Many stone arch bridges were designed with wingwalls. The wingwalls are essentially retaining walls that keep the soil along the stream from slumping into the stream. Obviously, having the soil slump into the stream is undesirable, as it can make a wreck of the road. However, for some stone bridges, the stone walls that form the approaches actually rest in the soil. If the soil slumps in, the bridge’s approaches are likely to collapse. The wingwalls keep this from happening and are important for a bridge’s stability.
Wingwalls, as a general rule, seem to be the most unstable part of a stone bridge. In the southeastern Kansas area, there are very few stone arch bridges that have all (if any) of their wingwalls left. The wingwalls can be scoured just like any other part of a bridge and apparently are quite frequently.
Happily, while the wingwalls’ function can be important, there are other ways to stabilize the streambanks. Ideally, of course, the wingwalls would be protected from scour (scour aprons will work here). Heavy weights added atop the wingwalls, such as large concrete caps, helps keep them from being knocked out by debris impacts. But even if the wingwalls fail or are missing, there are still viable options for keeping the streambank stable.
When the Stream is Stable
Occasionally, the stream is so well behaved that the banks are gently sloped, grassy, and stable.
In such circumstances, nothing needs to be done if there is no erosion occurring around the bridge. A bridge may not originally have had wingwalls, if the stream was deemed sufficiently stable.
Stabilizing Stream Banks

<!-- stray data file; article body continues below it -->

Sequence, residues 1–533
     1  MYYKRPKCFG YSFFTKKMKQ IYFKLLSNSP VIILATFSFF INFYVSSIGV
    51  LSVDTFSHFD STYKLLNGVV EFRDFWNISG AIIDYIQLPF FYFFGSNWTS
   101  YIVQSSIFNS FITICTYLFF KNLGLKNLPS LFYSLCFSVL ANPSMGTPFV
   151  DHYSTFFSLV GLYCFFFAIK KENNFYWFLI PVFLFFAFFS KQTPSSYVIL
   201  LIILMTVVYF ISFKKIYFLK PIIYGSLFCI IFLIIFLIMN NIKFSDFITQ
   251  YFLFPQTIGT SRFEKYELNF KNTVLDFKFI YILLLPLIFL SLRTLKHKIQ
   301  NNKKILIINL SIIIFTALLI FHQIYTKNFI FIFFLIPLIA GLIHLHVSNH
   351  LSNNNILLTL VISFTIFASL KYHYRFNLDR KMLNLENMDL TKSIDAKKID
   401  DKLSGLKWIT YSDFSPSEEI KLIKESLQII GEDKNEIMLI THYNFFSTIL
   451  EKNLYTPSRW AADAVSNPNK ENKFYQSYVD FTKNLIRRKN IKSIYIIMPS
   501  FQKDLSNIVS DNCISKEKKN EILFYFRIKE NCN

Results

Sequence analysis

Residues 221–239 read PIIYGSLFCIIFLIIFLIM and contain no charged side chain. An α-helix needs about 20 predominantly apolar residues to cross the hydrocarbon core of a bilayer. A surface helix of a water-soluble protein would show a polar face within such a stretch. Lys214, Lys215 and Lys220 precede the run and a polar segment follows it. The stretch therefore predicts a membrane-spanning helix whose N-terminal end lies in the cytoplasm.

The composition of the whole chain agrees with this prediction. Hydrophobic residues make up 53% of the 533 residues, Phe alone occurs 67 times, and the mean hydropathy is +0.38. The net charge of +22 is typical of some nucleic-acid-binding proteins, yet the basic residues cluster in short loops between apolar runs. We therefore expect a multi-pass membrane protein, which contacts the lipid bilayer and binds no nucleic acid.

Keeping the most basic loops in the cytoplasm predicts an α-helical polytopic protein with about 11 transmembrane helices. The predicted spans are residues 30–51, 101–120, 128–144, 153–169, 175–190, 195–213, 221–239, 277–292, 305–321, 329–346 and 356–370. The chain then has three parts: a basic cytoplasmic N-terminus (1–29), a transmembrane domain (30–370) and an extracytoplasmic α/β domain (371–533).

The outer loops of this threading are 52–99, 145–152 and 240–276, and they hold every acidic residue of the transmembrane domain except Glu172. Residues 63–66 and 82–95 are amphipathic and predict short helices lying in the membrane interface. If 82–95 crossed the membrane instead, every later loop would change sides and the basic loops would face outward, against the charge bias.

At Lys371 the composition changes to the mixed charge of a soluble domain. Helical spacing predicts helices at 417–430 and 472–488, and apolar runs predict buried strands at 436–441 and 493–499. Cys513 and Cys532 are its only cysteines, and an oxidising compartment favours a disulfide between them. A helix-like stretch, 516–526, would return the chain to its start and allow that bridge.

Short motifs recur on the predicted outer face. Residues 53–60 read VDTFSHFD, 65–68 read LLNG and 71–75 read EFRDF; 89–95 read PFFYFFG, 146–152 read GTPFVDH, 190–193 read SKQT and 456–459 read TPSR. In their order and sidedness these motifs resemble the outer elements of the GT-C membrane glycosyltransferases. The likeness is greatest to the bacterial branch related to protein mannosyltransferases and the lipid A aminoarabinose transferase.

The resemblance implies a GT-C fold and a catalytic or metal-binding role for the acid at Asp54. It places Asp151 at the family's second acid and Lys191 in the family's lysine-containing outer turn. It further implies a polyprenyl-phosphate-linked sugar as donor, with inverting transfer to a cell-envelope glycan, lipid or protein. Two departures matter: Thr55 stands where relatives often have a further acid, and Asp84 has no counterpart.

More often, though, the banks of a stream have a strong urge to erode away.
If the wingwalls have failed, a common and surprisingly effective solution is riprap. This riprap consists of large amounts of stone (and sometimes concrete as well) thrown down the stream bank. This amount of heavy material tends to greatly hinder erosion.
Another solution is to pour a concrete layer on top of the soil on the stream bank. When the concrete sets up, it forms a large, almost impenetrable erosion barrier that can last for years.
Both these solutions are relatively inexpensive; however, the primary downside is that riprap and concrete can be very unsightly!
Rebuilding the Wingwalls
Of course, collapsed wingwalls can be rebuilt; even if not with stone like the originals, concrete blocks or poured concrete walls could be used instead. The main thing here, of course, is to design the foundations of the wingwalls deep enough to keep them from being undermined again.
How Significant are Wingwalls?
When it comes right down to it, though, the significance of the wingwalls is directly related to how the bridge was originally built and how much erosion is taking place.
If the entire length of the approach walls rests on solid rock, the bridge is likely to be stable even if the banks are badly eroded. If it becomes clear that some of the stonework rests in the soil and is being significantly undermined, the bridge needs to be repaired.
In some cases, with undermined approaches, a basic scour apron can be added to protect the bridge. And, of course, if the roadway is vanishing into the stream, the banks probably should be stabilized.